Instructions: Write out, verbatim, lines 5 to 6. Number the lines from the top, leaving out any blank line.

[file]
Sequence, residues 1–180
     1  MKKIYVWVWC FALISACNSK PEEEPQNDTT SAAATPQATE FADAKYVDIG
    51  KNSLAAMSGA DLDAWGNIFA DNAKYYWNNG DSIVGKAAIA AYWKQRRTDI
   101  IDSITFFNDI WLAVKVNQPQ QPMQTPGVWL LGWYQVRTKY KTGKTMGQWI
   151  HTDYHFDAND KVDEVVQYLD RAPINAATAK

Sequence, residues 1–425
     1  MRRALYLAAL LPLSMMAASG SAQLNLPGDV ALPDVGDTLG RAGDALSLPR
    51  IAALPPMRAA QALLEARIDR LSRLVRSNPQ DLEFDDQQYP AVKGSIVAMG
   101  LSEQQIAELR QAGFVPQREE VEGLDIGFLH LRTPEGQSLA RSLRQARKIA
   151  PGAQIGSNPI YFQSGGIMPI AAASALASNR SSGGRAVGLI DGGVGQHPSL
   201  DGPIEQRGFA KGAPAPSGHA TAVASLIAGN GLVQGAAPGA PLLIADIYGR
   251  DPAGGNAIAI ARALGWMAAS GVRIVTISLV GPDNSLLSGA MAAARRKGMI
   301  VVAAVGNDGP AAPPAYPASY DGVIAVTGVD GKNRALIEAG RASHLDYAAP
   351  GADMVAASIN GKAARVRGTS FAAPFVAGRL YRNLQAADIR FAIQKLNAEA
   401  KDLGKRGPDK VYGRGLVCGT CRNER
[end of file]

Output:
   151  HTDYHFDAND KVDEVVQYLD RAPINAATAK

Sequence, residues 1–425